Joan Crawford or Richard Neutra

Richard Neutra, Kaufmann House, Julius Shulman photographer

We recently decided to find a second house in Palm Springs. My mother would like to move there and escape the northern Nevada mountain weather. So it seemed like a good idea to find a place she could live in and the entire family could use. Years ago, I remember the Kaufmann House for sale. I seem to recall Barry Manilow owned it and it had been transformed from a gem of elegant forms to a dark Mediterranean monstrosity. At the time it was incredibly inexpensive. It's been beautifully restored by Marmol Radziner and Associates, but I don't have an extra $20 million in a shoe box.

I'd forgotten how depressing and, at the same time, exciting looking for a house could be. One house will look amazing outside, but the inside is terrifying. There are houses that have been horribly treated; flipped and filled with cheap fixtures and materials. Others that have the type of decor you can't believe exists. After one such house, after we left, I kept repeating, "I didn't know people like that really existed." I'm just not one for red velvet wall-coverings and oversized paintings of Joan Crawford.

But, on the other end of the spectrum, we found some well maintained and thoughtfully restored houses with beautiful views. I had hopes of finding an early California Cliff May ranch house, but the few we found were on the small side. I don't want to be that cliché and do the whole mid-century modern thing, but there's a whole lotta that in Palm Springs. And I have a rumpus room in LA filled with extra Saarinen chairs and tables. We're still looking, but I couldn't resist sharing some of the options. You can be the judge. There's something for everyone.




Sean Adams

Sean Adams is the Chair of the undergraduate and graduate Graphic Design Program at ArtCenter, founder of Burning Settlers Cabin studio, and on-screen author for LinkedIn Learning/Lynda.com He is the only two term AIGA national president in AIGA’s 100 year history. In 2014, Adams was awarded the AIGA Medal, the highest honor in the profession. He is an AIGA Fellow, and Aspen Design Fellow. He has been recognized by every major competition and publication including; How, Print, Step, Communication Arts, Graphis, AIGA, The Type Directors Club, The British Art Director’s Club, and the Art Director’s Club. Adams has been exhibited often, including a solo exhibition at The San Francisco Museum of Modern Art.

Adams is an author of multiple magazine columns, and several best-selling books. He has been cited as one of the forty most important people shaping design internationally, and one of the top ten influential designers in the United States. Previously, Adams was a founding partner at AdamsMorioka, whose clients included The Academy of Motion Picture Arts and Sciences, Disney, Mohawk Fine Papers, The Metropolitan Opera, Los Angeles County Museum of Natural History, Richard Meier & Partners, Sundance, and the University of Southern California.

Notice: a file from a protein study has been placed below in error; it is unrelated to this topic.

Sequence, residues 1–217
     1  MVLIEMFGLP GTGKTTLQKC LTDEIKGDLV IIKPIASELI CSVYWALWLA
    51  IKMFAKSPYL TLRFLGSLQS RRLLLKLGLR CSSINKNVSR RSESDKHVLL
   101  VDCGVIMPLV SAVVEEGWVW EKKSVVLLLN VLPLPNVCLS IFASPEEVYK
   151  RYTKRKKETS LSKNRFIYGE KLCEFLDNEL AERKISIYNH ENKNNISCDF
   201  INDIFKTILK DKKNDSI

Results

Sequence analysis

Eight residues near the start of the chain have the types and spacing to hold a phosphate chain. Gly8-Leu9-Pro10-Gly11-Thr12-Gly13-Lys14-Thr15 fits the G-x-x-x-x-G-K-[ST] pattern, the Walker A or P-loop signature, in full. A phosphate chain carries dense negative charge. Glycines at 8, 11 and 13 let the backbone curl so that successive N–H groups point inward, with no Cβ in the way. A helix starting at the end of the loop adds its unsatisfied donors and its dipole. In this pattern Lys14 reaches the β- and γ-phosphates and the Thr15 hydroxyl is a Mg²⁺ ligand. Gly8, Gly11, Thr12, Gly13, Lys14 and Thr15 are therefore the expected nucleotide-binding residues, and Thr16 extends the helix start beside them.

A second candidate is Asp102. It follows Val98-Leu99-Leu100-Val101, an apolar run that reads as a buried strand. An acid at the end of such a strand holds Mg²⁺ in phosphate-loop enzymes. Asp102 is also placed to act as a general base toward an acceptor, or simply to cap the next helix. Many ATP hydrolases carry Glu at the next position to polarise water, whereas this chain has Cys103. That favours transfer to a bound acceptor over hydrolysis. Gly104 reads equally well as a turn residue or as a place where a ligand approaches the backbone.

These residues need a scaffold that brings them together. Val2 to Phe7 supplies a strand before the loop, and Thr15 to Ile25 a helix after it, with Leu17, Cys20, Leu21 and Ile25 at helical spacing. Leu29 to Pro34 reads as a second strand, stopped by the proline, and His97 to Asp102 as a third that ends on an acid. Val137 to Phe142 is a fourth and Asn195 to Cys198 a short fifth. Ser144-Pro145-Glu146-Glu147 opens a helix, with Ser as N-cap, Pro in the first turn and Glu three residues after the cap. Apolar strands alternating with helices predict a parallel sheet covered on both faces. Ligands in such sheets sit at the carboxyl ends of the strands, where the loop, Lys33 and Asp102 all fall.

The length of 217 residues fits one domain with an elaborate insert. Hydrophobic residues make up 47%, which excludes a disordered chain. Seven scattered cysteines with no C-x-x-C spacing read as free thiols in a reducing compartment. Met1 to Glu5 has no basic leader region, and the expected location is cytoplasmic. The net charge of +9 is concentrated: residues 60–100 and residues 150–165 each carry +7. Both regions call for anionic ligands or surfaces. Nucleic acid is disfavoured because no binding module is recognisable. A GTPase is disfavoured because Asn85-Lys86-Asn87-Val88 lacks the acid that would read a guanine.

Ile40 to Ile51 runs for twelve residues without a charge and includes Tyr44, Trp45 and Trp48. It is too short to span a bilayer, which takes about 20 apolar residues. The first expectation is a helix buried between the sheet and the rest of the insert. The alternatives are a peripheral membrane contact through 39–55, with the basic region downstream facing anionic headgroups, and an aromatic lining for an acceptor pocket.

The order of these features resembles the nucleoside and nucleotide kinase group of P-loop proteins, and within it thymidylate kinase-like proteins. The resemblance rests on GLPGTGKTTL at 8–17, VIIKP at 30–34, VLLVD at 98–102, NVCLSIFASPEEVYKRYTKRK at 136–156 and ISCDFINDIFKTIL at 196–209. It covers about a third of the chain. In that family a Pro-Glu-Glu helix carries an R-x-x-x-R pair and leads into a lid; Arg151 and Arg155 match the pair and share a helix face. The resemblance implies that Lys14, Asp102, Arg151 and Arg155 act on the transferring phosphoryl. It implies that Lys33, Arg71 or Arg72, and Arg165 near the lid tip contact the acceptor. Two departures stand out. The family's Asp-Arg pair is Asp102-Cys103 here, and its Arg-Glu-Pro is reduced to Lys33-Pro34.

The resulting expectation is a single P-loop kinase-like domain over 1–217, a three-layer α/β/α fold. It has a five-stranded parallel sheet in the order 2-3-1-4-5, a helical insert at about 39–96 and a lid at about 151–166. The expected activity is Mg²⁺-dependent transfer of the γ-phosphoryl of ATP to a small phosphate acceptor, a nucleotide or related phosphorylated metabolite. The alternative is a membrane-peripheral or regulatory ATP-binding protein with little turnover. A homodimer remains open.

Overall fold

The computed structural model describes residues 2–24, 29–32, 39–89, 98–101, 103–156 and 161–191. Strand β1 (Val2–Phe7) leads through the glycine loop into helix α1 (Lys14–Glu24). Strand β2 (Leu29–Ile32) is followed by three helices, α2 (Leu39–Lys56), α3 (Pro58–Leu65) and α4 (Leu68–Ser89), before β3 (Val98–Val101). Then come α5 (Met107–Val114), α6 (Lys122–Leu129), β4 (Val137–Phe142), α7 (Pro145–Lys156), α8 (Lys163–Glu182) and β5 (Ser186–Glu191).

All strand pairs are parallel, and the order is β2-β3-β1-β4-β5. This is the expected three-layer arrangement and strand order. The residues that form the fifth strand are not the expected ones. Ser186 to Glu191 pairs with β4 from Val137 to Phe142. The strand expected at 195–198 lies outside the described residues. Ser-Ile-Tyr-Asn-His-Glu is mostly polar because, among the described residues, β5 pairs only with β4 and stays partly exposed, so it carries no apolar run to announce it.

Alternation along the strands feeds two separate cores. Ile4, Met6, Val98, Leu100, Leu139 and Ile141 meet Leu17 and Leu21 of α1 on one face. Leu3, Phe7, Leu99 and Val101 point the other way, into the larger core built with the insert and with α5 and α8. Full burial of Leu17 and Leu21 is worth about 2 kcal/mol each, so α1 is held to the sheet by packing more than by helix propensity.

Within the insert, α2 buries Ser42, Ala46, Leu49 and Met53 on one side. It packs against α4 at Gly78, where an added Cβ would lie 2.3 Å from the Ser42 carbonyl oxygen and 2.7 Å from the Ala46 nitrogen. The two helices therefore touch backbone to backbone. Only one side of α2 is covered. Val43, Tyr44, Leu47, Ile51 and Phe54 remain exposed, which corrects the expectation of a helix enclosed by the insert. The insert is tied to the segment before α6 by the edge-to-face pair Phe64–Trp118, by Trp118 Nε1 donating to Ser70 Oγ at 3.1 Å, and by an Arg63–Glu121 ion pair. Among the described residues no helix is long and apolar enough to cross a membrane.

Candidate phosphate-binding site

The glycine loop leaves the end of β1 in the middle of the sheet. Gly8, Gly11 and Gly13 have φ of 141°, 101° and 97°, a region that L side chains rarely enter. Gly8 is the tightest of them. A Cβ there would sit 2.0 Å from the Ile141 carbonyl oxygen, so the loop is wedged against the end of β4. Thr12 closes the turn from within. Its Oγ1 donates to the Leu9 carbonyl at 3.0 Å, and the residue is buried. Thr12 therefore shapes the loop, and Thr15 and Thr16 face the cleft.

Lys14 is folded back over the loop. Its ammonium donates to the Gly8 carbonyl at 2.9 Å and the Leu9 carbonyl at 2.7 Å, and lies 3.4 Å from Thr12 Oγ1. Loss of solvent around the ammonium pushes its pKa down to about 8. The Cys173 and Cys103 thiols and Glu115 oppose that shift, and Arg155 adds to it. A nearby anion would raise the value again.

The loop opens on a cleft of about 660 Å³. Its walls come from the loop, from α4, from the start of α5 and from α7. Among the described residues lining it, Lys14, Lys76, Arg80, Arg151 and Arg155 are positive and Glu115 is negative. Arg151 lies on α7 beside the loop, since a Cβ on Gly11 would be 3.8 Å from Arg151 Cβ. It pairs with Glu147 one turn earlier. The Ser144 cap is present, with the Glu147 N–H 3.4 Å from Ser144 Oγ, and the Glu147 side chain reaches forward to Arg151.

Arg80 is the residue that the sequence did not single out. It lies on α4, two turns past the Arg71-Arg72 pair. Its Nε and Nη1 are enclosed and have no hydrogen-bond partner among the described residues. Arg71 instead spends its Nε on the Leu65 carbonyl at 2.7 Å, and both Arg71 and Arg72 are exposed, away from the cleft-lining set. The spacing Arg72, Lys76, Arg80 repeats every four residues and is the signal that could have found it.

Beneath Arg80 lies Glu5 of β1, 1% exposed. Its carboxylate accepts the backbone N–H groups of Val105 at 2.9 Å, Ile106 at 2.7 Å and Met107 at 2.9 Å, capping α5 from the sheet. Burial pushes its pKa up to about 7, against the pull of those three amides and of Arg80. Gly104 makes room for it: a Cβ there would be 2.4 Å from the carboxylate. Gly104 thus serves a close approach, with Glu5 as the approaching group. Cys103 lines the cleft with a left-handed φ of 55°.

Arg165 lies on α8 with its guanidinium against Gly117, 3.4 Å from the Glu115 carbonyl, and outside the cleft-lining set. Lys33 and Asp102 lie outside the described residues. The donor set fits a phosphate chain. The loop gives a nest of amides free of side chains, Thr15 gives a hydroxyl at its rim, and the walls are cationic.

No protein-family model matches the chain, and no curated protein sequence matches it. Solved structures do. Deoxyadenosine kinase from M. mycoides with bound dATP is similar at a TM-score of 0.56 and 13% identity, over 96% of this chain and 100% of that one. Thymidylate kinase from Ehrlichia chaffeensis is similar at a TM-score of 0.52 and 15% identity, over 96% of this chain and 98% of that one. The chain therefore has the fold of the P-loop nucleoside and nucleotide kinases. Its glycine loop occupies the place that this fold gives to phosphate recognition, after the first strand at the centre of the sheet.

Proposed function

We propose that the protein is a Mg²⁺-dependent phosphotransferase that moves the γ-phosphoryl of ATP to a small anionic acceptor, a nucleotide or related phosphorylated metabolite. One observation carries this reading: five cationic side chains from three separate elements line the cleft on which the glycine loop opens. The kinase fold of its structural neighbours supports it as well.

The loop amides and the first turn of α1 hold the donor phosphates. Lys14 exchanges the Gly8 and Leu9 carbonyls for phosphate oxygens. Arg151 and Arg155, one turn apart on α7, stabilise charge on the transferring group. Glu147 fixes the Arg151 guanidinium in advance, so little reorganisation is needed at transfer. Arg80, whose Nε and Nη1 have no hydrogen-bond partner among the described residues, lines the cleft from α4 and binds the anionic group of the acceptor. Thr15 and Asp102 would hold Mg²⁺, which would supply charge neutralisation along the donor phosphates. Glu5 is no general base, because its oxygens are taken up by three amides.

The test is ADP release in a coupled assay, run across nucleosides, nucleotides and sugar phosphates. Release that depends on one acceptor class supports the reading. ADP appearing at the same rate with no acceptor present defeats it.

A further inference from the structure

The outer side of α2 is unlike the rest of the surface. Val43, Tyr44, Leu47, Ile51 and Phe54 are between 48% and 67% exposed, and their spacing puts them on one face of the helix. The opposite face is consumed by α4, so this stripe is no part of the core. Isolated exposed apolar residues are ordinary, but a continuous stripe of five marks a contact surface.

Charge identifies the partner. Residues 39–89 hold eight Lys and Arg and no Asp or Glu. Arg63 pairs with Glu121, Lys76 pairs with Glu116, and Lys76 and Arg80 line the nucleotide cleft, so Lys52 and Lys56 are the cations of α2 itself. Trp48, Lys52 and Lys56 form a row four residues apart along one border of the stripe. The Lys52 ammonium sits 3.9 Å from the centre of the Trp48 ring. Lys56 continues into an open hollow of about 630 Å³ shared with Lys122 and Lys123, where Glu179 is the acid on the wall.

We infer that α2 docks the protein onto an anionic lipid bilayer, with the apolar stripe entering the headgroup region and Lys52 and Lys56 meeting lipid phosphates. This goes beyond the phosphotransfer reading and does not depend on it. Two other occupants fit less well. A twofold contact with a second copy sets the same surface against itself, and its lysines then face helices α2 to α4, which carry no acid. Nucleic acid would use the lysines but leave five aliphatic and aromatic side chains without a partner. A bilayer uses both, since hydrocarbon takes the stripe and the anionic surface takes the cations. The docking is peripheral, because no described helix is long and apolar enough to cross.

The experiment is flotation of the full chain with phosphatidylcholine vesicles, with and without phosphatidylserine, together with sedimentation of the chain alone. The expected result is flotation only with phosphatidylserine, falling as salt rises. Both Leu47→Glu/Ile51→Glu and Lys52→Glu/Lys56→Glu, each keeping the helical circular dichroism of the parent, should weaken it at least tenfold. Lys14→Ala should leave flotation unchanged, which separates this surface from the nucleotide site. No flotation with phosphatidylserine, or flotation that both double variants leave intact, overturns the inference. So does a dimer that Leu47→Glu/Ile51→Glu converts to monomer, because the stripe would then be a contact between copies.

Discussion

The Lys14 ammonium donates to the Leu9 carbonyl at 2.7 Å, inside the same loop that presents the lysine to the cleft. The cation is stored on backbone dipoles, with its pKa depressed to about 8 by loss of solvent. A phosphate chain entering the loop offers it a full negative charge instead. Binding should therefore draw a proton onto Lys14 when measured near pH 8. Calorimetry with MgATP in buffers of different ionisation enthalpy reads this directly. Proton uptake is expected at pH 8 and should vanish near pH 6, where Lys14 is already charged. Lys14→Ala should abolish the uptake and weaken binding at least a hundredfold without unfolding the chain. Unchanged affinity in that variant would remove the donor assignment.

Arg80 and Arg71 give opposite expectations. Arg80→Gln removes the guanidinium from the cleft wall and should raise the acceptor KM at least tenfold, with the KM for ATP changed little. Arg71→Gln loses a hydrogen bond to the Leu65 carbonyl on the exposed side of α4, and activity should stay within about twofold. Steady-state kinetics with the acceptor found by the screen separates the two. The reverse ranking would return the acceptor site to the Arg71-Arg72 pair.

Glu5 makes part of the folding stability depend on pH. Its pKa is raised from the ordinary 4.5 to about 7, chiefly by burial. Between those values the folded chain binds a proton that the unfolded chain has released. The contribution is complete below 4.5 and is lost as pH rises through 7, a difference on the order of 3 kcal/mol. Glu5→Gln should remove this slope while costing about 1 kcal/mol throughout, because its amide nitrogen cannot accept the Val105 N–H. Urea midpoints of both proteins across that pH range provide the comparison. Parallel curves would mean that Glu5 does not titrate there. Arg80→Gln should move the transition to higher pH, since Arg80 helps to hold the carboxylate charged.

Not my Nuts!

Nut Tree Dining Room, Vacaville, California

There are times in history when all elements come together at a specific place to create something remarkable. Fallingwater, the Lever House, the Kaufmann House in Palm Springs, and, yes, the Nut Tree in Vacaville, California. For most people growing up in northern California or Nevada, the Nut Tree was a ritual. Every trip we took between our ranch in the Sierras to San Francisco required a Nut Tree stop. I believe I have the Nut Tree to blame for my vocation. I was mesmerized by the packaging, signage, typography, and artwork. And I was 4. Much of the design was the creation of Don Birrell. He introduced high California modernism to the farming fields of central California. The Nut Tree had Eames chairs in the Toy Shop, and Dansk flatware in the Dining Room. The mix of folk art, hand-crafts, and minimal modernism predated Alexander Girard’s Textile & Objects shop by 8 years. There was a clear sense of joy, clarity, and quality that pervaded the atmosphere. And this was, basically, just a roadside store and restaurant, with a small local airport. If one of the tenants of modernism is to bring good design to the masses, the Nut Tree is a prime example and is long overdue for the recognition it deserves.

Sean (4) admiring letterforms on Nut Tree train
Sean (4) admiring letterforms on Nut Tree train

Nut Tree Train, Vacaville, California

Nut Tree Dining Room, Vacaville, California

The Nut Tree Shop

The Nut Tree Plaza

"Dendriform" by Jean Ray Laury at the Nut Tree, Vacaville, California, 1978
"Dendriform" by Jean Ray Laury at the Nut Tree, Vacaville, California, 1978

Charlotte Patera poster, 1975, Nut Tree

Lowell Herrero poster, 1970 at Nut Tree

Woodcarvings, Stan Dann, Nut Tree Poster 1977